Scooter startup company Bird Rides, Inc. was recently sued in Los Angeles Superior Court for failing to properly maintain its scooters, including critical components such as brakes, wheels, and throttles. Victims of these poorly maintained scooters have experienced uncontrolled crashes or have been unexpectedly thrown off the scooters, resulting in fractures, broken bones, concussions, and chipped teeth, among other injuries.
Posts tagged "e-scooter injury"
Since early 2018, Austin and other cities across the country have seen an increase in the number of electronic scooters on city streets. The increasing popularity of electronic scooters has led to a growing number of electronic scooter-related injuries. Now, in the span of just six days, at least eight lawsuits were filed against electronic scooter companies by individuals who claim they were injured while riding an electronic scooter in the city of Austin. The defendants include Bird, Lime, and Jump, some of the best known electronic scooter companies in the United States.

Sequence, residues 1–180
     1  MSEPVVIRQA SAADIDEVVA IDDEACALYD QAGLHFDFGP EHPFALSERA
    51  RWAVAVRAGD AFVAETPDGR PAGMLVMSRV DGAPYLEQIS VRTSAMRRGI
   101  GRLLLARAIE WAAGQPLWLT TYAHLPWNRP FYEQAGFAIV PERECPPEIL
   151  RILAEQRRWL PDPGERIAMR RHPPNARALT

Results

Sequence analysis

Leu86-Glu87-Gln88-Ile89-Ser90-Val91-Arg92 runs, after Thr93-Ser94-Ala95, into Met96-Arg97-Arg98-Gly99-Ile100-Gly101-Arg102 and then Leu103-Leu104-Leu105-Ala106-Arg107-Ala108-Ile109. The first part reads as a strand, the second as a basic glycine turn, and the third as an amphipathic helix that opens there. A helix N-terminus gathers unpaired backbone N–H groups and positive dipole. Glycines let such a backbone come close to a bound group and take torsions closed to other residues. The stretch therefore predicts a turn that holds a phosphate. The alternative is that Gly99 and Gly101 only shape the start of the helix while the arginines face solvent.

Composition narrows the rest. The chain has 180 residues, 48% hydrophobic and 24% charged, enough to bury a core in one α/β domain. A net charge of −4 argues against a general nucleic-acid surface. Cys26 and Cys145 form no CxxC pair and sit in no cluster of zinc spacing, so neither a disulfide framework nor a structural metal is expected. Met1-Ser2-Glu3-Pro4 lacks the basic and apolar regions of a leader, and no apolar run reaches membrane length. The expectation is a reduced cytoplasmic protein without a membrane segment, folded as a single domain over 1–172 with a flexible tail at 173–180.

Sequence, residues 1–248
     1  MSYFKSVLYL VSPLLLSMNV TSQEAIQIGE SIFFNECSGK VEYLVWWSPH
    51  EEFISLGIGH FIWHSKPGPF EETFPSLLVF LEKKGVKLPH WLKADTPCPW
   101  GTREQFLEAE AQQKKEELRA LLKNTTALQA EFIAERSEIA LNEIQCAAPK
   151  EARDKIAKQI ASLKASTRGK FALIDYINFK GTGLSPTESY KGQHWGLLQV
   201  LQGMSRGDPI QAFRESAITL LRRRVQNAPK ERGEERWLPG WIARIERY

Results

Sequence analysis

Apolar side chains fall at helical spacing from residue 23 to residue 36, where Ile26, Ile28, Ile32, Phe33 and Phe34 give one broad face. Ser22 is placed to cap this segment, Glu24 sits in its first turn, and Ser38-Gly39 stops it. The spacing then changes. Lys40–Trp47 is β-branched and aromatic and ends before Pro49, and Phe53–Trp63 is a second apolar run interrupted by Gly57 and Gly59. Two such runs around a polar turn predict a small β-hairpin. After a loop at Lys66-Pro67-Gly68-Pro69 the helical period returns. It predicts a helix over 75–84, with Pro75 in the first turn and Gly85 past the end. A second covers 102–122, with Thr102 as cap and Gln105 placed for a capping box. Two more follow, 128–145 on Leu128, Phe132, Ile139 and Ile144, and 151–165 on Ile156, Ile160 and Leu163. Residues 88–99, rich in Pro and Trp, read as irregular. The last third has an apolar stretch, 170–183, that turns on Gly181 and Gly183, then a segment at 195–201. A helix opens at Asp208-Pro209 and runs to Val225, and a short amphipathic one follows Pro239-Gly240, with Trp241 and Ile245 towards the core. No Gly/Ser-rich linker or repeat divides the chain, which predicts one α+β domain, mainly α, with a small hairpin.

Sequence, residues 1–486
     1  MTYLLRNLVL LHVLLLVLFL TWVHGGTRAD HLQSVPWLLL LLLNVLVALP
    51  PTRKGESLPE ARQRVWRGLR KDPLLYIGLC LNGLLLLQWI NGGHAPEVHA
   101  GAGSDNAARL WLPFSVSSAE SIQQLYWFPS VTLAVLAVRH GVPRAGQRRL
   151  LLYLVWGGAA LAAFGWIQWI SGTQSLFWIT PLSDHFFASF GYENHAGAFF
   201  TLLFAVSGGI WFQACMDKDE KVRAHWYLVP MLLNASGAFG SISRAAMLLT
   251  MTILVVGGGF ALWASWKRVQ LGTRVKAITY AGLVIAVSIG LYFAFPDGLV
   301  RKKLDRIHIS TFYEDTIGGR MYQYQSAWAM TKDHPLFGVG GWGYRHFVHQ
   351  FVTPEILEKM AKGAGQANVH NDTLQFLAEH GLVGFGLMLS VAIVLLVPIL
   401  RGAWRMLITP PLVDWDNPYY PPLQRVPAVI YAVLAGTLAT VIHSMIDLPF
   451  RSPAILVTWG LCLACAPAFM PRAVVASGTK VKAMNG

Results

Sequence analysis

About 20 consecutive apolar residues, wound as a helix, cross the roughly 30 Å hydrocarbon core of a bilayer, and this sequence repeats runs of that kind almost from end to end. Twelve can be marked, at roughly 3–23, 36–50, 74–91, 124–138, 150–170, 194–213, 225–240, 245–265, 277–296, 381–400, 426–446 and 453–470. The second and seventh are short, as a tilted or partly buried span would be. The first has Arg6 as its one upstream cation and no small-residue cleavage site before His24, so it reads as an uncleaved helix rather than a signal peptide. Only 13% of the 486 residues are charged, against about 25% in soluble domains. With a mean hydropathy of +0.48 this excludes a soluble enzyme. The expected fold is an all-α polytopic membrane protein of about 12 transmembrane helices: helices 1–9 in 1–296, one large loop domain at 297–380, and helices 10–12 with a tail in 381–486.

Recent data shows that the use of e-scooters in Dallas, Texas since city approval of bike share companies have caused a $1.4 million hike in hospital costs since June of 2018. The study by Baylor Scott & White seems to blame the high injury rates on the lack of helmets used by riders of these rentable e-scooters.
Throughout the country, including several cities in Texas, e-scooters are the newest alternative to the usual forms of public transportation. E-scooters are dockless electronic scooters. These scooters allow users to rent them by smartphone app and the rider can leave the scooter wherever they want when they are done. The scooters can travel as fast as 15 miles per hour. The e-scooter companies contend that the scooters offer users an environmentally friendly and efficient means of transportation. However, as the e-scooters increase in popularity, so have safety concerns for both users and pedestrians.